Of course I'm liberal, I believe in liberty.

Friday, December 31, 2004

Inheritance Tax and Aristocracy

From the comments:
Mark writes, "When this cycle goes unchecked one ends up with a group of people born into fabulously rich families. One word often used to describe such families is "aristocracy". Intellectually, I don't see how you can argue that this won't be a long term effect of eliminating inheritance tax. Feel free to try."

You must have a different definition of aristocracy. Here's the correct one. You'll see that eliminating the inheritance tax doesn't equal aristocracy. (Unless you think that the government only loans people money, and that they deserve it back when you die; which by your support of the inheritance tax would suggest that you believe that.)

Yep, an aristocracy is a hereditary ruling class, just like the dictionary says. You certainly can argue that class of people who are allowed to control great, unearned wealth for generation after generation might not qualify as a ruling class, but I believe that is a natural consequence. Historically, it was the king who owned the land and the land owner who became the noble.

The argument about loans could apply to just about any tax. I don't believe the government loans people their money but simply believe government is how we humans organize ourselves and in a democracy how the we people collectively determine what sort of world we want to live in.

I don't want to live in a world where the wealth is distributed like a pointy-top triangle where only a few control the most. I want to live in a world where the wealth is distributed more like a diamond, with most of the wealth held by a very large middle class. I know many on the right will call this socialism or worse, but I don't believe in socialism and that isn't where I'm coming from.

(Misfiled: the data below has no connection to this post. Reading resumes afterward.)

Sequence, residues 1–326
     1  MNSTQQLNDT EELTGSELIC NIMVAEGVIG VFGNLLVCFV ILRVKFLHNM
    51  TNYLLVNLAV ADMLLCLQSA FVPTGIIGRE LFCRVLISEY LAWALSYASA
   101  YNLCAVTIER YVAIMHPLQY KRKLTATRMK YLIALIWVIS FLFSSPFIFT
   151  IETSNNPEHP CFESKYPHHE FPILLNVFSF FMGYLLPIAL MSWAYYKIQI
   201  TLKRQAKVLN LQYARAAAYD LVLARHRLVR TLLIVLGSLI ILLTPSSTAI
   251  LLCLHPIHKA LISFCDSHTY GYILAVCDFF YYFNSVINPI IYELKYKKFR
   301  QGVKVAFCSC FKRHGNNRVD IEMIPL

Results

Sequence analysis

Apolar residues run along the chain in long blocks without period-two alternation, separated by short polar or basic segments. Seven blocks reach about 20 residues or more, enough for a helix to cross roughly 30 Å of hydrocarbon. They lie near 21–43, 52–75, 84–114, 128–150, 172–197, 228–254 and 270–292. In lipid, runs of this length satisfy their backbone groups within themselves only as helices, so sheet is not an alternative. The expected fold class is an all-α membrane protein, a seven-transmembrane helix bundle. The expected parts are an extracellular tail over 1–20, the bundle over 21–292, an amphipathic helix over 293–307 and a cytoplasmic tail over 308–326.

You see, I agree with the libertarians that one of the great goals is to maximize freedom and liberty for all. However, libertarians seem to believe anarchy is somehow a natural state and it is only (or at least, mostly) government that takes away our liberties; this is where I part company. I don't believe anarchy is a natural state. I believe that power begets power leading the rich to get richer. I think history supports me on this. And power corrupts. Eventually such wealth and power, left unchecked, becomes an aristocracy. (And eventually revolution.)

The same phenomena happens in the business world. One of the great ironies is a purely free market will not remain free on it's own, there will be winners and losers and the winners will gain power. Corporations grow, merge and form monopolies. Monopolies tend to be anti-capitalistic and, left unchecked, use their power to smash any competition.